Seventh Circuit Review


Alex J. Beehler


As the wage-market remains stagnant, and student indebtedness continues to rise, many graduates struggle to balance their student loan debt. Generally, when a debtor files for bankruptcy, her student loan debt is not dischargeable. However, under 11 U.S.C. § 523(a)(8), debtors can discharge their student loans through bankruptcy if they can prove that maintaining those student loan debts would impose an "undue hardship" upon themselves. Unfortunately, Congress did not define what "undue hardship" meant when enacting the bankruptcy code. Courts have since been left to interpret the definition of "undue hardship," and many do so in different ways.

Across the various circuits, “undue hardship” is evaluated similarly—but the differences in definitions can sometimes be outcome determinative. While rare, a jurisdiction employing a “totality-of-the-circumstances” approach to undue hardship may discharge a debtor’s student loans when a different jurisdiction employing a more rigid test would not. This is a problem because the United States Constitution requires uniform federal bankruptcy laws to be applied throughout the states. This Comment calls for the legislature to further define undue hardship to avoid the rare circumstances when debtors are treated dissimilarly solely because of what court they appear in.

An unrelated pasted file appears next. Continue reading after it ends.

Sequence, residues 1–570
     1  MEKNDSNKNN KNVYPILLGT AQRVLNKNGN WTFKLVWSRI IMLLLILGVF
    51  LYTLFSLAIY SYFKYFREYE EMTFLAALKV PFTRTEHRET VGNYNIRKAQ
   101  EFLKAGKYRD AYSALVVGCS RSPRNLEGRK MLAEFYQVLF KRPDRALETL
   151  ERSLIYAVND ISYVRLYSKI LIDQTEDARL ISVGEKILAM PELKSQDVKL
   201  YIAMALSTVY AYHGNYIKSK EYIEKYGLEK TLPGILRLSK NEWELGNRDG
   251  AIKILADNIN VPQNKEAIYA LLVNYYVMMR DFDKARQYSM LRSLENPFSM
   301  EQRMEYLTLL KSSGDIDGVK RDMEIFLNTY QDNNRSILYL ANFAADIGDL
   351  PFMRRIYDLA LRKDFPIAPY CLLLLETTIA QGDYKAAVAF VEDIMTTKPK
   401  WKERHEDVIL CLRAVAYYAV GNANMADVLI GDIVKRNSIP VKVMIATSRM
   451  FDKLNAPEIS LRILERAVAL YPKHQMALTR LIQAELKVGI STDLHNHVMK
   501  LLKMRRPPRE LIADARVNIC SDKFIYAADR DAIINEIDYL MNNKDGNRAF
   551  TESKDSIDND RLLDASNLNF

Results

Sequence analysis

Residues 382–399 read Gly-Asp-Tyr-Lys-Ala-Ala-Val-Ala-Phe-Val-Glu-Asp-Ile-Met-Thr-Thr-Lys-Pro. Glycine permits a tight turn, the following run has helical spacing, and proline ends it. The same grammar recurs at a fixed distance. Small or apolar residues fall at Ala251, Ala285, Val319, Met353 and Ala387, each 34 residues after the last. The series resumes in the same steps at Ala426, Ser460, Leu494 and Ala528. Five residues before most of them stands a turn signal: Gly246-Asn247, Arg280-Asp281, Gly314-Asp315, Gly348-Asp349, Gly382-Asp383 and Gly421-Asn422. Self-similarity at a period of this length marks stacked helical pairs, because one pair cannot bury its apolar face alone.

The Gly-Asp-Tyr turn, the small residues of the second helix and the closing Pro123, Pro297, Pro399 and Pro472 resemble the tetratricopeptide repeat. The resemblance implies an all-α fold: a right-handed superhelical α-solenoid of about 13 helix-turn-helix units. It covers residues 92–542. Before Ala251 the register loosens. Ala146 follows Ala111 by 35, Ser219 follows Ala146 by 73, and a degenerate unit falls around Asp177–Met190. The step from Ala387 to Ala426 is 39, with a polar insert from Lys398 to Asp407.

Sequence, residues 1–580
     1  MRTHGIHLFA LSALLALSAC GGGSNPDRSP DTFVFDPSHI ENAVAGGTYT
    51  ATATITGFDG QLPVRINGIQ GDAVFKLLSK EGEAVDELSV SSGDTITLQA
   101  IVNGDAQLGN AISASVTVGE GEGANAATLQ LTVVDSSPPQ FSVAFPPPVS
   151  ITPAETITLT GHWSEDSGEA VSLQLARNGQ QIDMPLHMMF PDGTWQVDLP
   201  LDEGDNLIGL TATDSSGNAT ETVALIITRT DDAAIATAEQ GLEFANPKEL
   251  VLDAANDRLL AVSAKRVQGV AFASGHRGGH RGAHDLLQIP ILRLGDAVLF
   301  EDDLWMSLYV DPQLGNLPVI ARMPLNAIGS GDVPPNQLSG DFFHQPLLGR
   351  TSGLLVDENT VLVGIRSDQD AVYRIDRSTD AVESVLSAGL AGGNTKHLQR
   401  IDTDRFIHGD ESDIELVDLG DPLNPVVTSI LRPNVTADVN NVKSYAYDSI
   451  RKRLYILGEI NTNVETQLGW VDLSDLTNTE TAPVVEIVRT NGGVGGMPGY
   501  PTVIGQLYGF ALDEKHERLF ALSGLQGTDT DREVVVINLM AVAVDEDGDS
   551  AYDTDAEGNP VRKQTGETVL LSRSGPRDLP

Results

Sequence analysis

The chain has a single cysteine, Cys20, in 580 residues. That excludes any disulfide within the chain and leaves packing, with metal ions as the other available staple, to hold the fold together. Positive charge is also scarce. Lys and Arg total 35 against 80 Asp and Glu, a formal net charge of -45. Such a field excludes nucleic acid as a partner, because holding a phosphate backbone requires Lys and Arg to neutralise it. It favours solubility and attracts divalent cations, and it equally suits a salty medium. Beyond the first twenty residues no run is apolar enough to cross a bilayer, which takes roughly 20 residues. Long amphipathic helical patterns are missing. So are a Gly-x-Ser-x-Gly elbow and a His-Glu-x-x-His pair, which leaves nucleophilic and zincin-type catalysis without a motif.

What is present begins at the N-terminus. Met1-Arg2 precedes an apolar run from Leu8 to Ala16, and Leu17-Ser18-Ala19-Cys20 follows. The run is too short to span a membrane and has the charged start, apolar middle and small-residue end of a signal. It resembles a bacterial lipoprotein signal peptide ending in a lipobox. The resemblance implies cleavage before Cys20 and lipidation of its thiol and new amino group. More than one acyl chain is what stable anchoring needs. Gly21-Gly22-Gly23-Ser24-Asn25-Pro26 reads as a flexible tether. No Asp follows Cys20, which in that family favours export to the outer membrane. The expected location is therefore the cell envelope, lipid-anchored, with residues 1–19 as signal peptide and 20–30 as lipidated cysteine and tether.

Since there has been no further definition of “undue hardship,” it is important to understand how the student loan discharge process works within the states of Illinois, Indiana, and Wisconsin. The Seventh Circuit, after the recent holding in Tetzlaff v. Educational Credit Management Corp., now has one of the strictest tests for evaluating undue hardship. The unanimous Tetzlaff opinion reiterated that the Seventh Circuit employs a three-pronged test to determine whether undue hardship exists. The debtor must show that: (1) he cannot currently maintain a “minimal” standard of living for himself and his dependents if forced to repay the loans; (2) additional circumstances show that this state of affairs is likely to persist for a significant portion of the repayment period; and (3) he made a good faith effort to repay the loans in question. The Seventh Circuit clarified that the dischargeability of loans should be based on a certainty of hopelessness standard, not a present inability to fulfill a financial commitment. In light of that rationale, the second prong of the undue hardship analysis requires a debtor to show his “certainty of hopelessness.” Further, the Seventh Circuit held that the third prong of the analysis—the good faith requirement—requires payment on the specific loans the debtor is attempting to discharge. Paying private student loans in lieu of paying federal loans does not allow debtors to discharge those federal loans. Ultimately, this Comment argues that this strict application of the “undue hardship” definition is more exacting than the language of “undue hardship” itself, and that the Seventh Circuit should reconsider its rigid application of the undue hardship analysis.

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